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The Top 10 from the Dorotheum auction house

[10/04/2015]

 

Fridays are the best! Every other Friday, Artprice offers you a themed auction ranking. This week, the leader of information on the Art Market discusses the ten most costly sales of 2014 at the Dorotheum auction house.

Austrian auction house Dorotheum is the oldest in the world. It was founded in 1707, nearly 40 years before the birth of Sotheby’s (1744) and 60 years before Christie’s (1766). With its international network forged from more than 300 years of history and 600 annual sales, Dorotheum presented more than 8,000 works of art in its rooms last year and sold 4,200 lots, generating sales totalling USD 57.9m in 2014 (and a significant annual no-sales rate of 47%). Today it is ranked 20th among the world’s most high-performing auction houses, behind the behemoths such as Christie’s, Sotheby’s, Phillips, Bonhams and Artcurial and 14 Chinese auction houses.

The Top 10 from the Dorotheum auction house
Rank Artist Hammer Price Artwork Sale
1 Frans VERBEECK $3,320,200 Der Narrenhandel 2014-10-21 Dorotheum VIENNE
2 Lucio FONTANA $1,277,865 Concetto Spaziale (1957) 2014-05-20 Dorotheum VIENNE
3 Sean SCULLY $1,105,106 Lucia (1992-1996) 2014-05-20 Dorotheum VIENNE
4 Robert INDIANA $1,000,256 NUMBERS ONE through ZERO (1978/2003) 2014-11-26 Dorotheum VIENNE
5 Martin KIPPENBERGER $895,752 Ohne Titel, aus der Serie “Fred the Frog” (1989/90) 2014-11-26 Dorotheum VIENNE
6 Lucio FONTANA $783,783 Concetto spaziale, Attese (65- 66 T 21) 2014-11-26 Dorotheum VIENNE
7 Lucio FONTANA $770,558 Concetto Spaziale (1955) 2014-05-20 Dorotheum VIENNE
8 Paolo SCHEGGI $674,581 Zone Riflesse (1965) 2014-05-20 Dorotheum VIENNE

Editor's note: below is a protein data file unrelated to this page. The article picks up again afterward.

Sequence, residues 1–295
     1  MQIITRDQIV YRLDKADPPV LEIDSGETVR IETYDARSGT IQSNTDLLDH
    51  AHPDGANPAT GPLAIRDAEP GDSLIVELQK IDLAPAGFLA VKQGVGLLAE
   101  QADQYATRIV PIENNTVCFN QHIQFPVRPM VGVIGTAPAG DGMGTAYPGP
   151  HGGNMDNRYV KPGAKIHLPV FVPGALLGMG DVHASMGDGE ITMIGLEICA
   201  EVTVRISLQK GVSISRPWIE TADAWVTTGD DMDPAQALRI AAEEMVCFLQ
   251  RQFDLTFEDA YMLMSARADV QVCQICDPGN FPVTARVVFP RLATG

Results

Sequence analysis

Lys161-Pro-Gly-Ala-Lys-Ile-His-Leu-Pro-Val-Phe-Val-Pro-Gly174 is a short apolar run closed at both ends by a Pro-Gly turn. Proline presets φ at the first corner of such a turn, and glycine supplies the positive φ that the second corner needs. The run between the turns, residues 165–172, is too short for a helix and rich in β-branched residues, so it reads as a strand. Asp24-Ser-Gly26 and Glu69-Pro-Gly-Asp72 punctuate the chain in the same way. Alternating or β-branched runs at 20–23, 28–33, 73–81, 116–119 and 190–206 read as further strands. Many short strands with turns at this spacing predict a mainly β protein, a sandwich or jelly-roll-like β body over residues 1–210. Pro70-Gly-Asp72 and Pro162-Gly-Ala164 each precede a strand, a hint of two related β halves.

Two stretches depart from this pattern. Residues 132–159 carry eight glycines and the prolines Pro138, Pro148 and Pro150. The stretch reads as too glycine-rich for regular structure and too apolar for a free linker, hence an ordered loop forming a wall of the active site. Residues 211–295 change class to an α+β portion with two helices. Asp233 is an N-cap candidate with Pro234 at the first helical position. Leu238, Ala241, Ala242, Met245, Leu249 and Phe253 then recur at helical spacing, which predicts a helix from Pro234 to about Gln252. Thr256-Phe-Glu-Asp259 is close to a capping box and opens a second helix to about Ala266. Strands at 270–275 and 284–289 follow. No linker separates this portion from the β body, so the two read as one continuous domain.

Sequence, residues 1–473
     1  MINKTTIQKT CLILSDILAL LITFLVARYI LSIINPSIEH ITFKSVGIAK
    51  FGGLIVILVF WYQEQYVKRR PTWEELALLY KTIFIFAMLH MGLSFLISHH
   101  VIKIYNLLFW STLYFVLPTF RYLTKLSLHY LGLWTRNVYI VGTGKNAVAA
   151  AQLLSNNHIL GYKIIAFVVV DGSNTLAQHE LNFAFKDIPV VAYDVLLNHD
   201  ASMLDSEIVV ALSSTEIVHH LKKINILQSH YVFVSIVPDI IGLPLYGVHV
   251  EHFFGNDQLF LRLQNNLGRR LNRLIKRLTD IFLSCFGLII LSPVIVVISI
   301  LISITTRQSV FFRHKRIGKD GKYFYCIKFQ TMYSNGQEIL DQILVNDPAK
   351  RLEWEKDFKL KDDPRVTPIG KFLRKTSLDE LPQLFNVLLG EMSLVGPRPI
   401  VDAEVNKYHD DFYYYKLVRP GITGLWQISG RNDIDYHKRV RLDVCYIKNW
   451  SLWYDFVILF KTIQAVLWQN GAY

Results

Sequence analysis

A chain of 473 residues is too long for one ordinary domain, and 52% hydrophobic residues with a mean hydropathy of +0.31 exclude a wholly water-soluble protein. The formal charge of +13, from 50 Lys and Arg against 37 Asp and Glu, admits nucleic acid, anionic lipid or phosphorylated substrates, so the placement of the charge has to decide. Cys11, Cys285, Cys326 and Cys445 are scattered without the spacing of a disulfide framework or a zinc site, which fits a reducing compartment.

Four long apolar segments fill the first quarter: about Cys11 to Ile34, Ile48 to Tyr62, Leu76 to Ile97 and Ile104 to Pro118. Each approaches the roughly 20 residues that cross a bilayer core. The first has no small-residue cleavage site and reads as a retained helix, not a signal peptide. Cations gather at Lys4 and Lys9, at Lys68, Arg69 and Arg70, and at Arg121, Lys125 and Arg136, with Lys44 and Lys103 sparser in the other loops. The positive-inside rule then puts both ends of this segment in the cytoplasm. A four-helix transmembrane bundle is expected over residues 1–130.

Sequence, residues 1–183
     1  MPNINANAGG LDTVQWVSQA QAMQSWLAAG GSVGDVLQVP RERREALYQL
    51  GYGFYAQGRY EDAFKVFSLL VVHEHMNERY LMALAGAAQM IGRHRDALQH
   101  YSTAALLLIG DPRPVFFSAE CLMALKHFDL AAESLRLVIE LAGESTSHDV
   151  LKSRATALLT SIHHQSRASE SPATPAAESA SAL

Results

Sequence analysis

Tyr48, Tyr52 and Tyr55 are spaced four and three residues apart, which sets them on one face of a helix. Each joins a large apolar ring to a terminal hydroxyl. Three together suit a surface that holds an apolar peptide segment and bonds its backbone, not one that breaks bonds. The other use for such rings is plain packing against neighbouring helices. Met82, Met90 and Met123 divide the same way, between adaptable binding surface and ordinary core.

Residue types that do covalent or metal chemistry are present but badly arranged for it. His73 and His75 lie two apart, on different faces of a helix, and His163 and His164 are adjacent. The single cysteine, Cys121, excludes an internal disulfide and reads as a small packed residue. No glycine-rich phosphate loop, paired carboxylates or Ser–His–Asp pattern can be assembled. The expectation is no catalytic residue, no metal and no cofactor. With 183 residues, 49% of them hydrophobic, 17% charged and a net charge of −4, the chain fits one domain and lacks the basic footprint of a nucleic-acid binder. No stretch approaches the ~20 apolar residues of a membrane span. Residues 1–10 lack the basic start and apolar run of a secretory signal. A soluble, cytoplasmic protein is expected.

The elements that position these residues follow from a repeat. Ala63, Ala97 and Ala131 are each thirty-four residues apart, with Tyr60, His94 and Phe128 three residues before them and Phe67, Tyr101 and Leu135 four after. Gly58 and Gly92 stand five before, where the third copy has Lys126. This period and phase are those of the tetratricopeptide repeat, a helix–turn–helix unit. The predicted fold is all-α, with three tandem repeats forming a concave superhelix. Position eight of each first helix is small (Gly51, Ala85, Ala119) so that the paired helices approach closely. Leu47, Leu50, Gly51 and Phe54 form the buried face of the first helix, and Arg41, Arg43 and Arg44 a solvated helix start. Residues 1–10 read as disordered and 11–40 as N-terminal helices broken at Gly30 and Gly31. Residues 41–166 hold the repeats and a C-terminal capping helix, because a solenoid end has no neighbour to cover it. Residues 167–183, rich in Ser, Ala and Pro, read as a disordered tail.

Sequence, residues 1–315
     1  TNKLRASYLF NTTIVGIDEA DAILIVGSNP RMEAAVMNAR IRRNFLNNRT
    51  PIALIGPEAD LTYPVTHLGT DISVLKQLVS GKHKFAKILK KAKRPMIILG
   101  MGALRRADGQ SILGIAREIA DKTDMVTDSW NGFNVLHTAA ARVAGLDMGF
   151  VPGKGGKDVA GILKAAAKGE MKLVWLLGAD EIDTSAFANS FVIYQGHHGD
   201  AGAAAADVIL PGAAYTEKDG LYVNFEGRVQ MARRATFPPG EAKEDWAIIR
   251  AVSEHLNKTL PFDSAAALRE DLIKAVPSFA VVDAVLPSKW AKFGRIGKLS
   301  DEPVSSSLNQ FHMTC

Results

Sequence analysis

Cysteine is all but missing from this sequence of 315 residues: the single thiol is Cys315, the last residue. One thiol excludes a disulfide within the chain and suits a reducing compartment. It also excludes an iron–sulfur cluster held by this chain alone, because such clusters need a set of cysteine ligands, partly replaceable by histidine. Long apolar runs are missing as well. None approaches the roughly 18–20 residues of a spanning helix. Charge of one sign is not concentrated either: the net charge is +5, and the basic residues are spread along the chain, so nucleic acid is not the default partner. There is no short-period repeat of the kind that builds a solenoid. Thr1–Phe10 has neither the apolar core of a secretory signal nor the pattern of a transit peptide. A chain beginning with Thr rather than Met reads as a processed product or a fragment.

9 Sigmar POLKE $597,168 Ohne Titel 2014-11-26 Dorotheum VIENNE
10 Peter Paul RUBENS $593,400 Die Heilige Familie mit der Heiligen Anna und dem Johannesknaben 2014-04-09 Dorotheum VIENNE
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Dorotheum was recently recognized for the auction sale of more than USD 3.3m of a monumental canvas by Frans Verbeeck. Rare in auction houses and confidential, this ancient Flemish master holds a new record with his human satyr measuring nearly two metres sold by Dorotheum. Less expensive was his last canvas put on the auction block, which did not surpass USD 22,800 (Antwerp in 2005). The auction company – whom the Top 10 closes on a canvas by Rubens – displays a solid network for ancient masters, but not only this…as Dorotheum takes pride in the progress made in its contemporary art department. In 2014 it became known as the best vintage house in its long history in the industry, established by last November’s history-making session (EUR 14 million for its contemporary sales). Indeed, among the 10 strongest gavel strikes of 2014, four sounded on 26 November 2014 to purchase contemporary “classics” of international stature, namely Robert Indiana, Martin Kippenberger, Sigmar Polke and Lucio Fontana.

 

Dorotheum’s power is demonstrated through contemporary sales of the most popular names of the moment, for example, the million-dollar sale of the canvas Lucia from Sean Scully. This USD 1.1 m strike of the gavel is the artist’s second-highest. This is not insignificant, as his best results were typically achieved in London and New York. Sean Scully, who’s riding high in the European art scene, also claimed some of the most costly sales for the French auction house Artcurial in 2014. Likewise for German artist Martin Kippenberger (1953-1997), who died prematurely in Vienna at the age of 44. All records for Kippenberger date from 2014, starting with that of New York where a canvas sold for USD 20m last November (Untitled, 1988, Christie’s New York, 12 November 2014). Concerning Austria, Dorotheum sold its first work valued at one million (including fees), at double its top estimation (untitled canvas from the series Fred the Frog). The German Sigmar Polke (1941-2010) is also riding high. Eleven of his works were snapped up for nearly a million dollars in 2014. Dorotheum achieved, as did Kippenberger, its Austrian record last November (a bid of USD 600,000 and more than USD 730,000 including fees).

 

These sales, paired with three costly sales for Lucio Fontana and a million-dollar strike of the gavel for Robert Indiana, testify to Dorotheum’s solid presence in Europe’s art scene. Vienna draws bigger contemporary works than Paris, and at times, even draws works as important as those found in London.

 

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